How do you determine the value of a work of art?
The value of a work of art is really a combination of a number of factors. In no particular order they are:
- Provenance (ownership history)
- Quality (as compared to other works by this artist and by other artists)
- Artist (household name? unknown? talented? trained? self taught?)
- Current market conditions
- Style or period (is this type of work popular and therefore in demand?)
- Size (some artists’ smaller works are more sought after than larger ones, and vice versa)
- Original? (it had better be!)
- Date (some years are very important in a given artist’s career)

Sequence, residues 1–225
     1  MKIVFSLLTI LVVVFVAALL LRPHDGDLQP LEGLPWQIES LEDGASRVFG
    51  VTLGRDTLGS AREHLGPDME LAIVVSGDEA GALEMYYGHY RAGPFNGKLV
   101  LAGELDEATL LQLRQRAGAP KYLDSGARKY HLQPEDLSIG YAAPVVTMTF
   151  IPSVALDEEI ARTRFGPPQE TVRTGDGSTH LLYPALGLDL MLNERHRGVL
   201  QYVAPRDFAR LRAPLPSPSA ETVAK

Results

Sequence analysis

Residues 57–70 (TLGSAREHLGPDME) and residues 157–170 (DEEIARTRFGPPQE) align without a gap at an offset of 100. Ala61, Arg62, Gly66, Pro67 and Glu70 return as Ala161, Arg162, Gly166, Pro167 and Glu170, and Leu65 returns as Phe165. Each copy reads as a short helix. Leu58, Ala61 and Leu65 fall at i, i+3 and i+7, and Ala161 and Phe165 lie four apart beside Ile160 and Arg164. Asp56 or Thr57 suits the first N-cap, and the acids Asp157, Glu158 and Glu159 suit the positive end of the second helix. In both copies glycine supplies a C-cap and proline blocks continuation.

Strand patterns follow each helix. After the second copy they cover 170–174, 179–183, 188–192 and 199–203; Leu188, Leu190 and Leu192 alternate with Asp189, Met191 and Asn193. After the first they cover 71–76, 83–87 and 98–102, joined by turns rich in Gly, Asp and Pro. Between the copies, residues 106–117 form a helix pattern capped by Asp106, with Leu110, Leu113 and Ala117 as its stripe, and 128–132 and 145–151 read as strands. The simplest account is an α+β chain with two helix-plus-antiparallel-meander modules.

- Exhibition history (did this work debut at a crucial World’s Fair? Has it hung in a museum?)
- Literature (is the work written up in books or catalogues raisonné?)
For each factor there are many possible answers. You could make a pie chart for any work of art, with each segment of the pie representing one of the categories above, taking into account the importance of some factors over others with regard to that one piece of art. For example, some artists such as Picasso are so well known that their name alone imputes value and the “Artist” segment of the pie chart would be big. But for a relatively unknown artist the Artist segment would be small and less important to the value of the work.
This list is meant as a starting point to give you a sense that there are ways to quantify the value of a work of art of which many people may not be aware.